For a while, computers just kept getting more powerful and more expensive.
Then we realised that we don’t need big powerful machines just to browse the web and some light work.
The new $US250 Asus Chromebook Flip is an inexpensive compact laptop that runs Google’s Chrome OS, and it’s a direct response to that realisation.
What does it do?
Chrome OS only runs the Chrome web browser and nothing else.
Confine yourself to Chrome on your regular Mac or Windows computer, and you’ll get the experience of a Chromebook.
That may sound useless, but Google offers several productivity services, like Docs, Sheets, and Slides, the company’s answers to Microsoft Office apps. These aren’t as comprehensive as Microsoft Office, but it’s totally sufficient for lightweight productivity on the go, which the Flip is also perfectly suited for.
Thankfully, you don’t need an internet connection to access your files in the Google Drive, the online service Chromebooks use for managing most files. Even with WiFi turned off, I could open a Google Docs document and create a new one as those files are stored inside the Flip’s 16GB of storage.
You’d also be surprised by how much of what you do on your computer is based in your web browser. For example, I was using Spotify while writing this review all within Chrome. But if you need to use programs that don’t run from your web browser, you should look elsewhere.
What’s it like?
Despite the cheap price, the Chromebook Flip looks and feels good thanks to its brushed aluminium exterior. It’s also light, so you can easily carry it with you anywhere.
But the Flip’s diminutive size also means a diminutive 10-inch display, which is about the size of the iPad Air. Such a small screen makes it somewhat difficult to see and use full size websites that are generally designed for larger screens, and I often found myself wishing that I could get the mobile version of websites.
The thing is, the screen could have been at least an inch bigger, maybe even two, but the screen has huge black bezels using up the real estate that the screen could have been using. It’s also a little dim, even at its maximum brightness.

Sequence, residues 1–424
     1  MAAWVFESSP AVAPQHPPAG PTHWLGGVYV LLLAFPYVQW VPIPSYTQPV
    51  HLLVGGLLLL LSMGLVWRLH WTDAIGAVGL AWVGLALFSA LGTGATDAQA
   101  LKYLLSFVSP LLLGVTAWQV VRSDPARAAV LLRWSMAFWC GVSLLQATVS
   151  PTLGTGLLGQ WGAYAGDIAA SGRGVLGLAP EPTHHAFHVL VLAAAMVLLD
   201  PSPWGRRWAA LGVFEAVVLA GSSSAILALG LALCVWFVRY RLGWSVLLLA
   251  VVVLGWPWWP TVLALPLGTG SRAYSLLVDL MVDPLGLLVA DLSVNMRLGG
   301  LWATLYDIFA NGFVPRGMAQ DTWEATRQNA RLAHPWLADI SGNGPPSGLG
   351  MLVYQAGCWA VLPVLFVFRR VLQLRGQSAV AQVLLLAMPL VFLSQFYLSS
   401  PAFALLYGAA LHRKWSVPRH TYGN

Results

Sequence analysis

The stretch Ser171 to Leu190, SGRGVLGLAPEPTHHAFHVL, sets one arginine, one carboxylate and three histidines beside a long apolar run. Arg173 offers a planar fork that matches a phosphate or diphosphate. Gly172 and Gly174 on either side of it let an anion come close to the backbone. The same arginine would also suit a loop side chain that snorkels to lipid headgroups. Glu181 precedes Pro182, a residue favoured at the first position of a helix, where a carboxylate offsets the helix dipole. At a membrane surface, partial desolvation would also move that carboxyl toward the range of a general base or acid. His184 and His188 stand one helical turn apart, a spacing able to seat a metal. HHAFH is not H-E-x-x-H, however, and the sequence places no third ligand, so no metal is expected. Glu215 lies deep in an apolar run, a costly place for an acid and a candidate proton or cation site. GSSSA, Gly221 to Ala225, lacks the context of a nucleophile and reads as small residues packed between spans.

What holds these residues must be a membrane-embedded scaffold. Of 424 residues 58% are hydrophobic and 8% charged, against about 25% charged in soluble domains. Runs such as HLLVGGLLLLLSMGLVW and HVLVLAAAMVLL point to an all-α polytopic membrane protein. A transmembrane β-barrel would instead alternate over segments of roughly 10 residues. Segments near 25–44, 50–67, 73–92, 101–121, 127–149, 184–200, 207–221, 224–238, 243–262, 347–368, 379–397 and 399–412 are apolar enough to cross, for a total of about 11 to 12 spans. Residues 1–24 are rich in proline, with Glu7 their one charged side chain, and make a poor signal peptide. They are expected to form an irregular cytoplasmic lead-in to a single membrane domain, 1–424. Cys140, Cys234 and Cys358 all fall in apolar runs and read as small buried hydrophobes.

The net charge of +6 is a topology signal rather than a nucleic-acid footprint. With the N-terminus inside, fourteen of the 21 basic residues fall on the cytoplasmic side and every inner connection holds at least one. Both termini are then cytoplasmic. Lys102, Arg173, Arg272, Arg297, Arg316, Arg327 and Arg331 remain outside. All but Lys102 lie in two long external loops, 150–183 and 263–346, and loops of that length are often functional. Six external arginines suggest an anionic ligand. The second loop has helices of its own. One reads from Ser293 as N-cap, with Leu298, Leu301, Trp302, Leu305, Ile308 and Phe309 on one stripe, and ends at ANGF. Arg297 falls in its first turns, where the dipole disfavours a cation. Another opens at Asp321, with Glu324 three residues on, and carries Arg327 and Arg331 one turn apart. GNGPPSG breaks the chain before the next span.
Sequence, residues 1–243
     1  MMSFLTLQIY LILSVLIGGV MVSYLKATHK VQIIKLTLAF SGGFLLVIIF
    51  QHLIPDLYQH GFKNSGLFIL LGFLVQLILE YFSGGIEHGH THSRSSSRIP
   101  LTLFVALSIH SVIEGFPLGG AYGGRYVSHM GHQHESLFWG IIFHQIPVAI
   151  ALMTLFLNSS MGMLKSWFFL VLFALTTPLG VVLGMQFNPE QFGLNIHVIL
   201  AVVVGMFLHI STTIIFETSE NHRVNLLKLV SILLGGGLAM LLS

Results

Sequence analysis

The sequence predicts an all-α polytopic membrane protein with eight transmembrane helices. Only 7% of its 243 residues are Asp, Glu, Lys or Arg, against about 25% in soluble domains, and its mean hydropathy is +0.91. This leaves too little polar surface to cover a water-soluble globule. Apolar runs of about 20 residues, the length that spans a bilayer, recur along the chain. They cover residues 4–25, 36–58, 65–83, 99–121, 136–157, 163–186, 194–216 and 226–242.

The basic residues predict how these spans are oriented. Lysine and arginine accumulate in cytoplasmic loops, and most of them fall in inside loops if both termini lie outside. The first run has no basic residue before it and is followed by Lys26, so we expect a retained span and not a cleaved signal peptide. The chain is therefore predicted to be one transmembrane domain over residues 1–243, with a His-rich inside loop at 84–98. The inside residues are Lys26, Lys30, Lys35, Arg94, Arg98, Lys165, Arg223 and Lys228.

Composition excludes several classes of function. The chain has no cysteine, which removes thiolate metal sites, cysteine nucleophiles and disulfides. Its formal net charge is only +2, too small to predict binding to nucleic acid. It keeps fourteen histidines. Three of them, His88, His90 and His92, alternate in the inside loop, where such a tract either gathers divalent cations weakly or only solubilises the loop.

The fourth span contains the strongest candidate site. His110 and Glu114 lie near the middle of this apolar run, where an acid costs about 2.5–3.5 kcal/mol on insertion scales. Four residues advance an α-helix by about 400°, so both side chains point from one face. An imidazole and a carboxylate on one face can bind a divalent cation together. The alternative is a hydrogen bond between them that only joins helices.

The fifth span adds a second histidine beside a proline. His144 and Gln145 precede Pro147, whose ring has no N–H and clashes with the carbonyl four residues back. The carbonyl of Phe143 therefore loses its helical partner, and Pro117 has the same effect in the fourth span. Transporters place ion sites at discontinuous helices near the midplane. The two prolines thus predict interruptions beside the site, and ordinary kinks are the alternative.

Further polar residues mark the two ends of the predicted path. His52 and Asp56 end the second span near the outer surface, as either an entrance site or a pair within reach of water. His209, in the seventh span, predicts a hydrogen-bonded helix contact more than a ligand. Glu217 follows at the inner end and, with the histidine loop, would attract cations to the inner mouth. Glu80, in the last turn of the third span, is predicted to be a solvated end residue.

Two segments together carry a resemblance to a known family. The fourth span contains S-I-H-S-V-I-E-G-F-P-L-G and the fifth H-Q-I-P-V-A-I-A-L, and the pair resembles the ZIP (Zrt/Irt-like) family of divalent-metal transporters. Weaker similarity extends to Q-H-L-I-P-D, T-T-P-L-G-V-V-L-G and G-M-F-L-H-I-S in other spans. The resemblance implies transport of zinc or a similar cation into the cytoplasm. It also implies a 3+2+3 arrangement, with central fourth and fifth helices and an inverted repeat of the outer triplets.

The screen is touch-sensitive, which means you can navigate around with your fingers like a tablet. There’s little reason to use the touchscreen when you have a perfectly good trackpad to navigate around the Flip, but as its name suggests, you can flip the screen a full 360 degrees so you can use it more like a tablet.
And don’t worry, the keyboard and trackpad are automatically disabled when you flip the screen around, so you can hold it knowing you won’t accidentally hit any keys.
But there’s little benefit to be had here, as you can’t run apps and you still get the full desktop versions of websites, which aren’t very touch friendly. On a tablet operating system like Android or iOS on the iPad, you’re at least more likely to get the mobile version of a website, which is a lot more touch-friendly.
However, you can flip the keyboard so it turns into a sort of stand that’s good for watching videos.
Is it worth it?
My only grumbles are that the the screen is a bit small, the trackpad can be a little finicky, and it can slow down when you have too many Chrome tabs.
Sure, you could get an 11-inch MacBook Air, which is also extremely compact, has a bigger screen, has an excellent trackpad, performs much better, and lets you use programs outside of your web browser. But it will set you back $US900.
I wouldn’t replace my regular laptop running Mac OS X with the Flip, as it’s more suited for travel or other situations where compact size and light weight matters. But for basic portable productivity, the Asus Chromebook Flip is hard to beat, especially with its incredibly low $US250 price tag.
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